Data from the Alzheimer’s Association® 2021 Alzheimer’s Disease Facts and Figures report highlights the barriers communities of color face in getting an Alzheimer’s diagnosis and receiving care. Vickie Stephens is caring for her family and helping the African American community.
The impact of Alzheimer’s on the African American community
Currently Alzheimer’s is the 3rd leading cause of death in California and the 6th leading cause of death in the United States. In 2020, there were 690,000 Californians aged 65 and older living with Alzheimer’s disease. Approximately 18% of these people are African American.
Because older African Americans are about twice as likely to have Alzheimer’s or other dementias as older whites, it’s no surprise that Vickie had three people in her life who have lived with dementia: her grandmother, stepfather, and father.
Looking up to her dad
Vickie’s father, Johnny, is smart man who loves music, teaching and being with his family. He has a bachelor’s degree in music. When music programs began to get cut from schools, Johnny went back to school and received a master’s degree in mathematics. Johnny continued to teach until his mid 70s when he retired.
“My dad was very disciplined,” said Vickie, “He did jumping jacks at 5 a.m. and sit-ups before work. He did math problems to stay sharp. I always looked up to him and how he would challenge himself.”
Getting a new roommate
Because she was Johnny’s only child, Vickie felt responsible to care for her father as he aged. Since her children are adults and she was living alone, she and her father became roommates and friends. Vickie and Johnny would travel together and go to wrestling matches, something Johnny loved to do.
However, after his retirement, Johnny became more forgetful. In 2011, he went to a doctor and was diagnosed with Alzheimer’s disease. Vickie is one of the 1.1 million Californians who provide unpaid care for people living with Alzheimer’s or other dementias.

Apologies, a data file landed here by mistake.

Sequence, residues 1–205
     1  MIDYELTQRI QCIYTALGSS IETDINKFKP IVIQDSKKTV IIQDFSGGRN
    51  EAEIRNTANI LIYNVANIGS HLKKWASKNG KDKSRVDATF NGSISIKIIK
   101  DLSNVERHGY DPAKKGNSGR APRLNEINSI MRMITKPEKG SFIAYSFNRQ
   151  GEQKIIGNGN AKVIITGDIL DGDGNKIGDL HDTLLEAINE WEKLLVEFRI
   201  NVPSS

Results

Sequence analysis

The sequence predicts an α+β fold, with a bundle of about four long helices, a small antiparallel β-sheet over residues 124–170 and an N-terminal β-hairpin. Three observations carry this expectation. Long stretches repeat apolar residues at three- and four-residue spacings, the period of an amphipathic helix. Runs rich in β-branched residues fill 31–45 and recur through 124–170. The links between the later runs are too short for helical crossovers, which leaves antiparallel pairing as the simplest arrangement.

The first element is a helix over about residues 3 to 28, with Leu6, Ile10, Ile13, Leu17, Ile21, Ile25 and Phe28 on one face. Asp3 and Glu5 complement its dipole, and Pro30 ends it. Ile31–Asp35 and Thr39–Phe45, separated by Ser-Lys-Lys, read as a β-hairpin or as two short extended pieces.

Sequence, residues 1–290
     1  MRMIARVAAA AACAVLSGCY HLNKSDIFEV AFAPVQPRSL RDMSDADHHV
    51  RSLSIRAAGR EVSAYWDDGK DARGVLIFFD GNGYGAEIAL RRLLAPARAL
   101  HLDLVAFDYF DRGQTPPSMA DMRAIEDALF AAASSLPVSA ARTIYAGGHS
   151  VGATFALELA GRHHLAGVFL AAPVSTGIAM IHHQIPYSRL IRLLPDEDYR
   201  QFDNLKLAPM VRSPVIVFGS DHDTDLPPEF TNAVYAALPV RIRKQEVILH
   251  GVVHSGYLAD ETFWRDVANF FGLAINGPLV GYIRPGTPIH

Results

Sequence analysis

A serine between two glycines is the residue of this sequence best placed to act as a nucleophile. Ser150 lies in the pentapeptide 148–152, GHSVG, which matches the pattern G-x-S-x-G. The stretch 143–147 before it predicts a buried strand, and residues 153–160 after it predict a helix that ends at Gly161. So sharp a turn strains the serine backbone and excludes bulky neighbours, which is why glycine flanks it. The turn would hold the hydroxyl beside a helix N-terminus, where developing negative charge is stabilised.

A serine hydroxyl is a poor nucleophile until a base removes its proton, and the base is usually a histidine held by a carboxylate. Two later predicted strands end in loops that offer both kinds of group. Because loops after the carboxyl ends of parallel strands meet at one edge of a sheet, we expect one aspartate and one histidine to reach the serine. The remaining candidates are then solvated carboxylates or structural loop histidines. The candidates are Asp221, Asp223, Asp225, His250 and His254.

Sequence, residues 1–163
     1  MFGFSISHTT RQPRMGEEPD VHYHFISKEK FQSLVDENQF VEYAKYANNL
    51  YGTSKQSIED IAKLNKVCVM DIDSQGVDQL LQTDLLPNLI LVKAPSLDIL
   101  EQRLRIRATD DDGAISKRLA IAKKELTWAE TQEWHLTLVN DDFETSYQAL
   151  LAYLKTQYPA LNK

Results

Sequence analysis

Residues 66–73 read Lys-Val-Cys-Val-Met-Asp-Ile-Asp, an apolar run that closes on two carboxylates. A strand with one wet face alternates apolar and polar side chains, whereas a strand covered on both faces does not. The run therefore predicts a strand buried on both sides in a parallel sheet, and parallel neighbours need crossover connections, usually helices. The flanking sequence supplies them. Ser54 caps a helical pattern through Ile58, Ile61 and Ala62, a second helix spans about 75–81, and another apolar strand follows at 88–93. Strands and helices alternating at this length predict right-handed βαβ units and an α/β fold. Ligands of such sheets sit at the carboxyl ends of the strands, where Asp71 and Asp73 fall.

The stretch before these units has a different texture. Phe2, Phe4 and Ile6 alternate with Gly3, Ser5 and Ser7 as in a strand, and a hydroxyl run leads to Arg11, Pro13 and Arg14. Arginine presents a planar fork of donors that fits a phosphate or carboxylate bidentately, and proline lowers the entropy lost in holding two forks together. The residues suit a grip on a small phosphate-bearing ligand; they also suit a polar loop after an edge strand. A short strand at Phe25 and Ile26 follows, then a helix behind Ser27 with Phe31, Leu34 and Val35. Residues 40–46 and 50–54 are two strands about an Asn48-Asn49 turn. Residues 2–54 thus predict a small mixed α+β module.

“I would never abandon my father,” shared Vickie. “He’s all alone, and I felt obligated to be his caregiver. After his diagnosis, the noise at athletic events was too much. We’d watch TV and cook together.”
Moving to a care setting
Johnny is a veteran, and as such, he qualifies to get care through the Veterans Health Administration. Thinking that one day he may need more care than she could provide, Vickie placed Johnny’s name on the waiting list for a bed at a VA long-term care setting.
His name came up quicker than expected, and Vickie had to make a decision, continue to care for her dad in her home, or move him into the VA. “With much prayer and the support of family and friends, I made the decision for him to go into the long-term care facility at the VA,” said Vickie.
“That was one of the most difficult things to do. I couldn’t give him that level of care. 24-hour nurses would be there for him, so I could keep peace of mind.”
The challenges of no diagnosis
After moving her father into the VA, Vickie’s stepfather, Arthur Mc Cants began to also show symptoms of dementia. However, even after visiting the doctor, Arthur would not get a diagnosis.
“Dementia came fast and furious for him,” said Vickie. “My stepfather would not do testing. This was my first-hand experience with doctors who are afraid to tell patients the truth.”
Unfortunately, Arthur is not alone. African Americans surveyed for the Facts and Figures report were twice as likely as Whites to say they would not see a doctor if experiencing thinking or memory problems. One in five African Americans say they would feel insulted if a doctor suggested a cognitive assessment.
Sadly, Arthur became aggressive and threatening. Since he refused to even admit he had dementia, Vickie’s mother was unable to help him. Fearing for her own life, she moved in with Vickie.
“When a person is in denial, how do you get them to accept the diagnosis,” asked Vickie. “He didn’t want to know the truth. He became mean and abusive. He accused my mom of sleeping with the neighbor. He was never that person.”
Arthur passed in 2019.
Surviving the pandemic
Individuals living with Alzheimer’s, particularly those in long-term care settings, are extremely vulnerable to COVID-19. In 2020 4,643 more Californians died from Alzheimer’s or other dementia than average for the prior five years, an increase of 18.8%. This was the second highest increase in the United States.
Vickie is lucky that her father’s care setting hasn’t had any cases of COVID-19 yet. “It has been very difficult,” shared Vickie. “It was at least 90 days before I could see him. Unfortunately, we do what we have to do. My dad and I do window visits and video calls.”
Before COVID-19, Vickie and her dad would play music and he would sing to her. Now he will read the newspaper to her over video calls.